Sedimentary Basins

Sedimentary basins are an important source of groundwater within Australia. Many such basins contain extensive multi-layered aquifer systems consisting of permeable sediments laid down at various times in the past. Some well known sedimentary basins include the Great Artesian Basin, the Murray Basin and the Officer Basin. Aquifer depths within these basins can range from a few hundred to thousands of meters.

Where aquifers outcrop they are recharged by direct infiltration of rainfall, flood events and, where intersected by rivers, river bed seepage.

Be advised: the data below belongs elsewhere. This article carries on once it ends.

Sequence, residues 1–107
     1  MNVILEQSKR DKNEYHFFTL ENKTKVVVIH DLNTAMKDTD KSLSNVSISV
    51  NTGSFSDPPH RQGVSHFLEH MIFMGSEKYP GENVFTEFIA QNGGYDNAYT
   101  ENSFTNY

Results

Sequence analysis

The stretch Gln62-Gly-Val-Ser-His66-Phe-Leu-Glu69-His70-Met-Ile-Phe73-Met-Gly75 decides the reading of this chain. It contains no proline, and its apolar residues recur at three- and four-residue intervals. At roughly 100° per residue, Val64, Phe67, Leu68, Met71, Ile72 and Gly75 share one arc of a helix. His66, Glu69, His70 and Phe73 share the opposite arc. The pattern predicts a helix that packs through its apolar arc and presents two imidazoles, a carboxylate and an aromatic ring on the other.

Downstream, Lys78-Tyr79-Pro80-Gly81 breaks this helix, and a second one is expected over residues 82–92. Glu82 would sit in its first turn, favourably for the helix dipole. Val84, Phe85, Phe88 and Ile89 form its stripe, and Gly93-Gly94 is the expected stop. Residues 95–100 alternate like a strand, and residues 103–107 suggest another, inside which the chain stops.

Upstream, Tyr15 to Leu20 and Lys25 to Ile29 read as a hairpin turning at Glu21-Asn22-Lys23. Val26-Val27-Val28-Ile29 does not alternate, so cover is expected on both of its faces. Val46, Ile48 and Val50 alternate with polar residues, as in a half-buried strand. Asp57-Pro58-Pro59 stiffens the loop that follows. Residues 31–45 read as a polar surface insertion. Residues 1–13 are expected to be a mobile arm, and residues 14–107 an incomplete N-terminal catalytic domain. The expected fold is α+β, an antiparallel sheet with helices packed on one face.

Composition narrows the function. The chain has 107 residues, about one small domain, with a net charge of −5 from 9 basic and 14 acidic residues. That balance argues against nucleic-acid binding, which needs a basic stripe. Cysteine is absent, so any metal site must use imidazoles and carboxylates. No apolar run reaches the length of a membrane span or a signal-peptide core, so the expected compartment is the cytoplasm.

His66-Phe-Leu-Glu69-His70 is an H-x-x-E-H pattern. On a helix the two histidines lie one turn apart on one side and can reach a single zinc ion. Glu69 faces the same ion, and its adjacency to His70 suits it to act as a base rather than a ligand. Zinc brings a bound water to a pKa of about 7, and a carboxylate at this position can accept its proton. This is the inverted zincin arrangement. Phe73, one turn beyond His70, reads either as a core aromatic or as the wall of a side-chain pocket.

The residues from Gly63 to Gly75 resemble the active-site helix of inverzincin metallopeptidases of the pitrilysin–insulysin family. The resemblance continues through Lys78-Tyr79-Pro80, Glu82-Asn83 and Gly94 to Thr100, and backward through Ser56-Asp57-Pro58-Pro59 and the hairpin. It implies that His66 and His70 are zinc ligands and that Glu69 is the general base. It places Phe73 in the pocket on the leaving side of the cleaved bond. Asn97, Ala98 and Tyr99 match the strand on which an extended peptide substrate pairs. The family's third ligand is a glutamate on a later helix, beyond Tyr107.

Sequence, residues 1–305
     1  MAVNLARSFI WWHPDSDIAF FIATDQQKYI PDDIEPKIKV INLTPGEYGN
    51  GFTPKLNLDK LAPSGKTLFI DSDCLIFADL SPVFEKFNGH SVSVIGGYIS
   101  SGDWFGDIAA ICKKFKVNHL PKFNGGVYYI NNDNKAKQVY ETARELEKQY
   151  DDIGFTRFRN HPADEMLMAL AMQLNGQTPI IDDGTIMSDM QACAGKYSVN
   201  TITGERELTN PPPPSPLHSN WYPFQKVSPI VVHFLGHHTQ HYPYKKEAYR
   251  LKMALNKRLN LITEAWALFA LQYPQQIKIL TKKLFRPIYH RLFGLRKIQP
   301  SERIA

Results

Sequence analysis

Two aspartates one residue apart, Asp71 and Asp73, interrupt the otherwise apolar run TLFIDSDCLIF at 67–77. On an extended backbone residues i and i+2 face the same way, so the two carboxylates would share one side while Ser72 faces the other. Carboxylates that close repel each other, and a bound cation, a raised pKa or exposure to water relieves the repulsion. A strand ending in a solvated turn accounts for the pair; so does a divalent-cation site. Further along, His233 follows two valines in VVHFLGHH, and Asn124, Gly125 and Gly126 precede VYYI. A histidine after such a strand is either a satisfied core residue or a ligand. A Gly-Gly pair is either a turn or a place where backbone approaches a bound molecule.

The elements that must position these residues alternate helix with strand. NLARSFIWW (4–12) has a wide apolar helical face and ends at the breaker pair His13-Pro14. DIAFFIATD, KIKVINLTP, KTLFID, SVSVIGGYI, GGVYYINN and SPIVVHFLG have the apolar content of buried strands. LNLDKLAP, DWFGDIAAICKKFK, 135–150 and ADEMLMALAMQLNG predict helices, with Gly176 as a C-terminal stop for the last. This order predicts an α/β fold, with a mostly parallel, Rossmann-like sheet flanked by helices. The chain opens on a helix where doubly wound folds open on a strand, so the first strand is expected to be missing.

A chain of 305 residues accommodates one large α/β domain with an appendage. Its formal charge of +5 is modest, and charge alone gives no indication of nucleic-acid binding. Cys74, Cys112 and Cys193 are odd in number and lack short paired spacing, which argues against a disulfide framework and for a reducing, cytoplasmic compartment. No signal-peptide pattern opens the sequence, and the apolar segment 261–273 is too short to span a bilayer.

A vertical wall formed by layers of various rock sizes.

Sedimentary rock formed by
layers of transported materials

Water quality varies from fresh to saline.  As a general rule groundwater within large sedimentary basins is fresher in areas of active recharge, increasing in salinity as it travels through the aquifer, due to interaction with the aquifer material.

Sedimentary basins can contain vast amounts of groundwater. For example it has been estimated that the Great Artesian Basin contains around 8.7 million gigalitres of water (Australian Water Association 2007). This is equivalent to the volume of water contained within 129 800 Sydney harbours.

Topic contact: groundwater@ga.gov.au Last updated: July 5, 2013